World Bank faces rivalry from newly launched AAIB
China has once again shown its economic strength and solidifies its global status by launching the Asian Infrastructure Investment Bank (AAIB), which is viewed as a rival to the World Bank.
The AAIB aims to rebalance the global development finance currently controlled by the US and is expected to pose threat to the Washington-led international financial institution, the World Bank.
Addressing the inaugural ceremony of the bank on Sunday, Chinese Banker Jin Liqun said Asia still faced “severe connectivity gaps and significant infrastructure bottlenecks.”
The China-led financial institution targets to finance the construction of infrastructure projects, ranging from airports, mobile phone towers, railways and roads in Asia.
The AIIB was first proposed by Chinese President Xi Jinping in October 2013 and officially took effect on 25 December 2015. While the US and Japan have opposed the launch of AAIB, Italy, Australia, Germany, the Philippines, the U.K. and South Korea are backing the project.
However, the AAIB have welcomed the US and Japan to join.
The AAIB is ratified by 34 founding countries who hold over 74% of shares in the bank. The remaining countries who have agreed to be founding members, have until the end of the year to complement the membership process.
It is targeting to lend between $10-$15b year for the first five or six years. Operations are expected to start in the second quarter this year.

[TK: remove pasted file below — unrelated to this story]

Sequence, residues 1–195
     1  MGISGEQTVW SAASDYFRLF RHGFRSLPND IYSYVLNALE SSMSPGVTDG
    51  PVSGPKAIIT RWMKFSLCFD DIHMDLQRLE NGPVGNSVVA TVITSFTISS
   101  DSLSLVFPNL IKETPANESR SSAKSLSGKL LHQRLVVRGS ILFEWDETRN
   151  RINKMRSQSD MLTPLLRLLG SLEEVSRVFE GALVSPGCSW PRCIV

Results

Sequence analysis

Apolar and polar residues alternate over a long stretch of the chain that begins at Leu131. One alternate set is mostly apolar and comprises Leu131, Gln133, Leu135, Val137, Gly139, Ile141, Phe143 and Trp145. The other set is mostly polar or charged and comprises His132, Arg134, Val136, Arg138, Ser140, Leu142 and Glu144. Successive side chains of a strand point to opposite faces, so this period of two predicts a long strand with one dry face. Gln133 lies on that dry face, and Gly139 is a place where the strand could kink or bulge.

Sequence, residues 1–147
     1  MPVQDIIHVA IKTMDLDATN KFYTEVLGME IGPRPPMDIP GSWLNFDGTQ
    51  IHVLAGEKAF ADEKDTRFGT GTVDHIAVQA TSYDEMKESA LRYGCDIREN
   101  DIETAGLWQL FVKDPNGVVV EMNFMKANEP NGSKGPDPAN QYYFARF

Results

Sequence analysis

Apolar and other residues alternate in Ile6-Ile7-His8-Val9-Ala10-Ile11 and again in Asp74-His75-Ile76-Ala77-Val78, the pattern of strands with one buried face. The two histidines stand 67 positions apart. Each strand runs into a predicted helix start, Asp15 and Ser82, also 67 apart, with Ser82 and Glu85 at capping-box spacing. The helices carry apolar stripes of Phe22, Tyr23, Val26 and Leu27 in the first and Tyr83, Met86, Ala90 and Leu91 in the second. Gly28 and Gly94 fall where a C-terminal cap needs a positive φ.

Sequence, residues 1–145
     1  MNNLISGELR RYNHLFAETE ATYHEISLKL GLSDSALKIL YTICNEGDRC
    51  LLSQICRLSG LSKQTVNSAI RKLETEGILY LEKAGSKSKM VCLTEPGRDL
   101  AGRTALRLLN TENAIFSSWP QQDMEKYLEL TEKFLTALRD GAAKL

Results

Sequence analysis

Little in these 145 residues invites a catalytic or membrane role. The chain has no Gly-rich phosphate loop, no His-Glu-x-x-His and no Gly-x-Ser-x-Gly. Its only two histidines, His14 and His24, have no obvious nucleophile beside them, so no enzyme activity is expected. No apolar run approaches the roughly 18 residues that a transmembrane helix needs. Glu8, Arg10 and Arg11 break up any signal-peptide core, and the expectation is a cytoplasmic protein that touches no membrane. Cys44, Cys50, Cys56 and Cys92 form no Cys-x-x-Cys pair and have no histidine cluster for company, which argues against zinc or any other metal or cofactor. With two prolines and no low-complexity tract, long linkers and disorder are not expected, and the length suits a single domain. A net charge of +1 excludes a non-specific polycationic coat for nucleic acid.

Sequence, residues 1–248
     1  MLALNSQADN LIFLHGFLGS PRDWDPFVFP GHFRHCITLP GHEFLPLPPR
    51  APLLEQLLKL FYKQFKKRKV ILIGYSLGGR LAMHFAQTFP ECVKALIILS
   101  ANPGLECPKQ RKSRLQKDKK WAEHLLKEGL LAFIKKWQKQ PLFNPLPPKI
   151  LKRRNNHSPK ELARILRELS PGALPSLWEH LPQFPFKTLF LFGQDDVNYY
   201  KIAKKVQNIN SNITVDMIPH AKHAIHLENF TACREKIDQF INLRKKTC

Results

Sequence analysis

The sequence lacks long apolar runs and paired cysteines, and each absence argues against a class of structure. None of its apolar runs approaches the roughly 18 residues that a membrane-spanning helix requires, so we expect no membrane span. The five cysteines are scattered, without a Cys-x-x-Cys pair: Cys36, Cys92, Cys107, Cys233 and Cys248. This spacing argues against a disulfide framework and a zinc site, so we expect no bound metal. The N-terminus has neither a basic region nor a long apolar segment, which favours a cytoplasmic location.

“We already have a very good pipeline of co-financing projects (with other international development banks) and stand alone projects. Loans will be offered in US dollars but the bank may opt to raise funds in other currencies, including the euro and the yuan.
“As we all know, Asia faces severe connectivity gaps and significant bottlenecks. It’s critical to address the need because building infrastructure is a foundation for robust economic growth and expands economic opportunities and improves the quality of life for everybody,” the Reuters quotes AIIB President, Jin Liqun.
The IMF says it has received firm commitments of more than $430bn. The money is to help economies in trouble
Brazillian Finance Minister Guido Mantega said that developing nation would be willing to provide more money to ease the eurozone’s